April 27, 2023
By Courtney Wise
Hello, MindSite News readers! How you can equip your children with the empathy and tools to stand up to hate when their classmates are bullied. Plus: Mattel has come out with a Down syndrome Barbie. The research linking cell phones with Gen Z’s mental health crisis. Changing the conversation around autism. And more….
How can I help my children stand up to hate?
In the Washington Post parenting section, licensed clinical professional counselor Phyllis Fagell shares the story of a Black man who encountered hate at school as a sixth grader:
“‘The first time I got called the ‘n-word’ I was standing outside my sixth-grade classroom exchanging a book from the lockers,” says Kimu Elolia. He wasn’t prepared for the weight of the word or how it would leave him feeling paralyzed and isolated for weeks but says he “didn’t have language to explain what I was experiencing.” Elolia, 29, is the creative producer for Sonic Union and now creates podcasts for children designed to foster empathy for the Black experience, which he says will incentivize them to stand up for one another.”
Around one in four students like the young Elolia have been bullied for their race, national origin, religion, disability, gender or sexual orientation. In her column for the Post, Fagell gives some excellent advice for helping kids understand how and why to stand up for one another, including validating their fears and offering choices of how they can react. “Kids may overestimate social risk, but never underestimate the courage it takes to take a stand against hate,” she writes. “Here’s how parents can arm kids with the practical skills and empathy they need to defend targeted peers.” You can read the whole column here.
Cell phones and Gen Z’s mental health crisis
Six years ago, when psychologist Jean Twenge first told NPR that her research suggested higher rates of cell phone use were connected to an increase in loneliness among teens, many of her peers were skeptical. Some even said the San Diego State University professor was causing unnecessary alarm. Twenge has recently come out with a book called Generations, with more research to bolster her argument. This time, people are listening.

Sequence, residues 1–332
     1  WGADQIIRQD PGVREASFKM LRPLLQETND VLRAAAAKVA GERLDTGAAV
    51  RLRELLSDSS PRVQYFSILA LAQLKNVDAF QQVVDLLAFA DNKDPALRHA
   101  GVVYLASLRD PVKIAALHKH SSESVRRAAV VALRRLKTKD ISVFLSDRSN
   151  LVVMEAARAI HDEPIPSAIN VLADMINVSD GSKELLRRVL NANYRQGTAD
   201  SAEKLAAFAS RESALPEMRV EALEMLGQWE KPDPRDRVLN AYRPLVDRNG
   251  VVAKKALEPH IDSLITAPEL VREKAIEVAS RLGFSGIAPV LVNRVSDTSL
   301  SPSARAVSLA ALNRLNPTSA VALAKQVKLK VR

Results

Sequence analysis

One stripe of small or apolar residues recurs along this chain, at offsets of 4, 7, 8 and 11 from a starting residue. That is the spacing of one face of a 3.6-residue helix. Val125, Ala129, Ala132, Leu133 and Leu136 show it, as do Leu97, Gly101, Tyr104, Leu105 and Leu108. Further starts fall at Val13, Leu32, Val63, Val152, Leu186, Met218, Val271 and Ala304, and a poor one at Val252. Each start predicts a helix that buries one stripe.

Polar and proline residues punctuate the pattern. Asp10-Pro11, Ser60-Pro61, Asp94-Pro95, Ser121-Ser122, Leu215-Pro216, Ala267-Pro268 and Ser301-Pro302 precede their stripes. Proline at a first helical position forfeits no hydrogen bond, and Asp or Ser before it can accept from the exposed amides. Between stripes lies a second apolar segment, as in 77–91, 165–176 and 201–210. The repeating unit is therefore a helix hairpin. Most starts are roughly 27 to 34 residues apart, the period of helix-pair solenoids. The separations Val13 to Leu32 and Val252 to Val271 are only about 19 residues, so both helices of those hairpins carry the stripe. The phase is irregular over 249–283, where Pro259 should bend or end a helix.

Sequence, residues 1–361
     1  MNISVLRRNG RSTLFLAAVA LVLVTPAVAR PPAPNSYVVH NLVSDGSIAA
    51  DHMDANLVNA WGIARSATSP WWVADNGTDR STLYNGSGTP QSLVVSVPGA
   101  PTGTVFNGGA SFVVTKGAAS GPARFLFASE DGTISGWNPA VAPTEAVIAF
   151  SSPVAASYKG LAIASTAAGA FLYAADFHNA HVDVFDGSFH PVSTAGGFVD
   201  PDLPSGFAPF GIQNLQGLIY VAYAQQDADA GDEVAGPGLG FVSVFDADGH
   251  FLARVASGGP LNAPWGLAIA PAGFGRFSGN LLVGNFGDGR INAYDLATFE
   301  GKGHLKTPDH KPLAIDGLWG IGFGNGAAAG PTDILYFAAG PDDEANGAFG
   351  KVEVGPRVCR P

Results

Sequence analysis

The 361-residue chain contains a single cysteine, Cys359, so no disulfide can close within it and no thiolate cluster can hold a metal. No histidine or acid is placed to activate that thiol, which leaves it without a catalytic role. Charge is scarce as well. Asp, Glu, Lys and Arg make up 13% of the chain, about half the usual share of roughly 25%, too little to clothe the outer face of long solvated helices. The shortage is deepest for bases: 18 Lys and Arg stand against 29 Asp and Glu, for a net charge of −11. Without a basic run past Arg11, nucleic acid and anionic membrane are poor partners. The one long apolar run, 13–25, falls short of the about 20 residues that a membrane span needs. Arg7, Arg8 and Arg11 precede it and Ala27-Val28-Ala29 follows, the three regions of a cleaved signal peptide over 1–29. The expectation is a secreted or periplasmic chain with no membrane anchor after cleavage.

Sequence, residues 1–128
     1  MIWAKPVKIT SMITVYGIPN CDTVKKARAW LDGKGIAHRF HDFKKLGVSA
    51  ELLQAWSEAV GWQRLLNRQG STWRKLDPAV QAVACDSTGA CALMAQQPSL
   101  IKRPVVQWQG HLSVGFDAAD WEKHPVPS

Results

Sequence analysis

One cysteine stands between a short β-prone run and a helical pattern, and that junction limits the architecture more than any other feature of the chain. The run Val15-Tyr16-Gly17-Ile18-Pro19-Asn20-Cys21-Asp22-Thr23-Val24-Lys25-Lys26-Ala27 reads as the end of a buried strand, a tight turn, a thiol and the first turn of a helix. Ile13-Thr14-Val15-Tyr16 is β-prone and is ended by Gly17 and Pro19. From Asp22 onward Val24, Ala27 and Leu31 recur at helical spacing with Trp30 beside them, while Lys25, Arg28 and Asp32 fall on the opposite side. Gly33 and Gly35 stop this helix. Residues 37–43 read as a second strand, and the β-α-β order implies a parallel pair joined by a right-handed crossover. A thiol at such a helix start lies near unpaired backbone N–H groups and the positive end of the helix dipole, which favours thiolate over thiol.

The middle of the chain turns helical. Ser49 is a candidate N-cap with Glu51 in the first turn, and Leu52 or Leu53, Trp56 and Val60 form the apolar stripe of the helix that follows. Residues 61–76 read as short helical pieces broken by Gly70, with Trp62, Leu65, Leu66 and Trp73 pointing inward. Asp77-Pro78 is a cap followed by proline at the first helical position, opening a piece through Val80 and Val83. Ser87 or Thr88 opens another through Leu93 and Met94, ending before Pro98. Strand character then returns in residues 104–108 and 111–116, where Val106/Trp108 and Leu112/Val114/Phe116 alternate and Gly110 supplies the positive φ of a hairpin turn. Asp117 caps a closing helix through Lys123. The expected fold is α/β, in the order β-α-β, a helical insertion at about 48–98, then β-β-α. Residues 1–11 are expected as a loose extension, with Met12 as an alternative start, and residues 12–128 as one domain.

“I think the picture is getting more and more consistent,” said MIT economist Alexey Makarin. Generations examines mental health trends over time across five different age groups, from the Silent Generation to Gen Z. She found that from 1976 until 2012, the way teens spent their time outside of school was largely the same. But in 2012, when smartphones became ubiquitous, teen outings with friends took a nosedive.
Today, in the most recent data, more than a fifth of 10th grade girls “spend seven or more hours a day on social media,” Twenge said, noting to NPR that leaves little time for anything besides school and sleep. “Every indicator of mental health and psychological well-being has become more negative among teens and young adults since 2012, The trends are stunning in their consistency, breadth and size.”
Dismantling myths about autism
If you have a child with autism, you likely know that misconceptions about autism abound. April is National Autism Awareness Month, and The Los Angeles Times is publishing a series of articles to raise awareness about the condition. This week, the word was all about breaking down what autism is – and what it isn’t.
Put plainly, autism is a neurological and developmental condition that affects how people interact with others, communicate, learn and behave. Why people develop autism is less understood; in some cases, the cause isn’t known. Moreover, how people experience autism “is as different and varied as the human experience itself,” said Eric Garcia, author of the book We’re Not Broken: Changing the Autism Conversation.